While his boyish face might not yet be instantly recognized by football fans, the 21-year-old central midfielder Julian Weigl is inexorably on his way to becoming one of the world’s top playmakers.
Now in his second season at Borussia Dortmund, the Bavarian-born youngster has developed into one of the most valuable players at the club. When it comes to the club’s Bundesliga and international ambitions, Weigl carries the hopes of head coach Thomas Tuchel.
In this Tuesday’s Champions League Group F encounter against Sporting Lisbon, the star will be guiding the young German side with his playmaker role. “The game against Lisbon could well be decisive in our group. We’ll be focusing on being aggressive and playing the game at pace,” Weigl said.
Looking at his statistics, Borussia Dortmund’s big national rivals Bayern Munich might be seriously regretting not recognizing the talent of the youngster, who grew up almost on the club’s doorstep. Born near Munich, Weigl played for the city’s second biggest club 1860 Munich but joined Borussia Dortmund for only 2.5 million euro. The “Blues” (1860 Munich) discovered Weigl at a futsal tournament.
Weigl has been impressing the international football world with remarkable statistics which put him up amongst, or even above, the world’s best midfielders like Toni Kroos, Luka Modric and Sergio Busquets.
This season Weigl’s passing statistics of 92.9 percent is higher than that of Kroos, Modric and Busquets. In his first Bundesliga season, the newcomer made a sensational start with a 91.8 percent passing success rate. In the group match at home against Real Madrid (2-2), it was Weigl that made the Spanish stars sweat. It soon sparked rumors in Spain that the star is on the shopping list of Real’s coach Zinedine Zidane and the club officials.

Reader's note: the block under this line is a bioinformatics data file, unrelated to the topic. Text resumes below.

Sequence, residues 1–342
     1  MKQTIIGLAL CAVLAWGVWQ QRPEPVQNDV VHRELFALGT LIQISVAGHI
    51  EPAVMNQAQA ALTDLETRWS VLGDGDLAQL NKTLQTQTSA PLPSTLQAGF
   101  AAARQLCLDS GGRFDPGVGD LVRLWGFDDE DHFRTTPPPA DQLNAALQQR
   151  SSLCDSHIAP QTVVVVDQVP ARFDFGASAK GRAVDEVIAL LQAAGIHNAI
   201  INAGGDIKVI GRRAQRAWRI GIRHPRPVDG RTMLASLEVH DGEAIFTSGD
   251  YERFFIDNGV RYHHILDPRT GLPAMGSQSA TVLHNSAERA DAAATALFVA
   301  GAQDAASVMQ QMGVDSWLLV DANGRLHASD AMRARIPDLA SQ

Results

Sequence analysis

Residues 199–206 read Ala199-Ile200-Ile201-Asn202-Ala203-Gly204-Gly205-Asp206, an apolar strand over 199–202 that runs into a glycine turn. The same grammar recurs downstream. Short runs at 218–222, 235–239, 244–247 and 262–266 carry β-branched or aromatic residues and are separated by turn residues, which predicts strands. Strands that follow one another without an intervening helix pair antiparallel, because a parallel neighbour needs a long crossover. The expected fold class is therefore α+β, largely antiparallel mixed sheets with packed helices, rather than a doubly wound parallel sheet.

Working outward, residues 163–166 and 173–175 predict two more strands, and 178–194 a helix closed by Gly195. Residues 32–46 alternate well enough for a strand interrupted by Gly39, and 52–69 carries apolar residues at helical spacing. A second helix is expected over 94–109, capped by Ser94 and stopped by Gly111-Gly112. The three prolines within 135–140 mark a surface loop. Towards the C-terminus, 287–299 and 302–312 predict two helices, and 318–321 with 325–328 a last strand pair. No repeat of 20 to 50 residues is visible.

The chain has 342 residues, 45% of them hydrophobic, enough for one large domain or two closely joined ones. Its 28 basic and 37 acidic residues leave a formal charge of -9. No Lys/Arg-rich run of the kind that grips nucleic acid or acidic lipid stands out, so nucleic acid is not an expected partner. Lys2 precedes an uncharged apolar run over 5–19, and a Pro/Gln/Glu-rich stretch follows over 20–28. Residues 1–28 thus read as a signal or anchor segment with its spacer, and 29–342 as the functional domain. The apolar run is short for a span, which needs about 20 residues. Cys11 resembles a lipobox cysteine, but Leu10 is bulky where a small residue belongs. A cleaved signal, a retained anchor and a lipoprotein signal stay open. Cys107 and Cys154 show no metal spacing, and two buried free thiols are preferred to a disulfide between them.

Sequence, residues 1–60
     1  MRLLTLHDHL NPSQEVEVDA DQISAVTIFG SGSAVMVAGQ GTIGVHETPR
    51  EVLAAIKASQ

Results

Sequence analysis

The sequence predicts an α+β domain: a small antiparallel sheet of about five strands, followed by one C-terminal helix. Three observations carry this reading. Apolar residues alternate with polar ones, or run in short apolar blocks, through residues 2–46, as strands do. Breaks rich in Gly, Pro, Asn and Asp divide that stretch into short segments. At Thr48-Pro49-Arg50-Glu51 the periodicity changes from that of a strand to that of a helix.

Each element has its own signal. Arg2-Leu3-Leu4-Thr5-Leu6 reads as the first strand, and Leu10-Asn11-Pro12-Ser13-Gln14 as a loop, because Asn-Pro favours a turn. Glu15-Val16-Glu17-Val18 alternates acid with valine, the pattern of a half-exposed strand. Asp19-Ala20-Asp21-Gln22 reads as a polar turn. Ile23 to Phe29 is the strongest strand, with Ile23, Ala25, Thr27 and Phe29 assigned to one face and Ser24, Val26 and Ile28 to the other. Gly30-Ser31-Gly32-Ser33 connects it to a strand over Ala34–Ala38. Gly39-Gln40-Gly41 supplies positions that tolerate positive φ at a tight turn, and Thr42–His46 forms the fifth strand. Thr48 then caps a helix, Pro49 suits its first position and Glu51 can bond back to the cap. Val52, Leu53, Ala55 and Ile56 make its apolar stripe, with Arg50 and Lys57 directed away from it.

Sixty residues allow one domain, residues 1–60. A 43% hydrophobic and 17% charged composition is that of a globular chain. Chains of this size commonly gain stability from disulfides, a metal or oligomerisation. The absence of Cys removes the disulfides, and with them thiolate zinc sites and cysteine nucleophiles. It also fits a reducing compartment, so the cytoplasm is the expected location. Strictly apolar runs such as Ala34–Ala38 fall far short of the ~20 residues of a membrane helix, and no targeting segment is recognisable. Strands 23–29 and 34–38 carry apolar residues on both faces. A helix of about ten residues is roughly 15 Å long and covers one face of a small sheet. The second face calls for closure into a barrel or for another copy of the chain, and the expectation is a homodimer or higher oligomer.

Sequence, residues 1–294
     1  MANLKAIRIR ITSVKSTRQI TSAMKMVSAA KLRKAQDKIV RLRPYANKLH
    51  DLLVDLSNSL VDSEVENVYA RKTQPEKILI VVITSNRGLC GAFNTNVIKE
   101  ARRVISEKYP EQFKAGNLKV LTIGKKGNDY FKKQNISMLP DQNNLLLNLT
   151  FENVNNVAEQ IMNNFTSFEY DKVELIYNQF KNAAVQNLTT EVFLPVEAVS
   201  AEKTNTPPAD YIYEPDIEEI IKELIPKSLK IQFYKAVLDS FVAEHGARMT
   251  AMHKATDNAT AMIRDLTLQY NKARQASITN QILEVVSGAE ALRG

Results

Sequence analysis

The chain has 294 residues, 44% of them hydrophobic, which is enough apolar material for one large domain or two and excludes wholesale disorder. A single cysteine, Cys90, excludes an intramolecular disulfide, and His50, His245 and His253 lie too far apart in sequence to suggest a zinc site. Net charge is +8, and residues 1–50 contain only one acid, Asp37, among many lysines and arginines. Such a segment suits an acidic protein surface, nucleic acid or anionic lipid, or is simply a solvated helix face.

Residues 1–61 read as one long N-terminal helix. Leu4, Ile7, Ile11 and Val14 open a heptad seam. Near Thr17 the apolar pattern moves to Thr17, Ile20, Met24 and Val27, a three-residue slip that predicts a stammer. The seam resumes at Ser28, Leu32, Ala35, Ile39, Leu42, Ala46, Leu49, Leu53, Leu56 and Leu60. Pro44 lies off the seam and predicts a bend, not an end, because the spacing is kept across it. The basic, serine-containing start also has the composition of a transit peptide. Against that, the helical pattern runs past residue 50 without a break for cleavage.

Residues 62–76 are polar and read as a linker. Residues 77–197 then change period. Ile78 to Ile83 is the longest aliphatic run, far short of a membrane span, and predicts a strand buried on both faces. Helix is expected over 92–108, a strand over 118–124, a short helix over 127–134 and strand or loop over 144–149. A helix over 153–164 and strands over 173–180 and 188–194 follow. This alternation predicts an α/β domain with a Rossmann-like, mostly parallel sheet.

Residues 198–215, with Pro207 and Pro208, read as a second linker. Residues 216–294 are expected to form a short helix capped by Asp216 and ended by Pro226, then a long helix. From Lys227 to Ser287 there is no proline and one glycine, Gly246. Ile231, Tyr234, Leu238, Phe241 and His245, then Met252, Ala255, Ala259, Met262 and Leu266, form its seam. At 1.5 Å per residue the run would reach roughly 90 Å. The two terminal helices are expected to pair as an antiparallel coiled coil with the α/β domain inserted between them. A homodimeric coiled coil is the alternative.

Dortmund’s established and future star strikers like Pierre-Emerick Aubameyang, Marco Reus, Andre Schuerrle and Ousmane Dembele are all dependent on his ideas and passes. After losing its playmakers Ilkay Guendogan and Hendrik Mkhitaryan to Manchester City and United respectively, the boyish and inexperienced Weigl has taken over like an old hand. “The speed at which he has developed in is far from normal,” said his coach Tuchel. “He has played so many outstanding games for us. It wasn’t foreseeable. But he knows there’s still a lot to do.”
After making his way up through Germany’s various junior teams, Weigl was picked by head coach Joachim Loew for the senior squad at last summer’s Euro 2016 in France. Though he did not play, it was an important step for Weigl.
“Sergio Busquets plays a vital role in Barca’s game. He’s always in the right place at the right time on the pitch, has many ball contacts and is the driving force behind Barca’s game. It’s what I want to do in Dortmund,” Weigl said.
The 21-year-old is not a product of the German development system but played “futsal” whenever he could. “Futsal is very good for your technical skills. You learn to find solutions in narrow spaces and you learn to find solutions to keep the game flowing. As the ball in futsal is doesn’t bounce so high, you are inevitably forced to play flat passes,” Weigl added.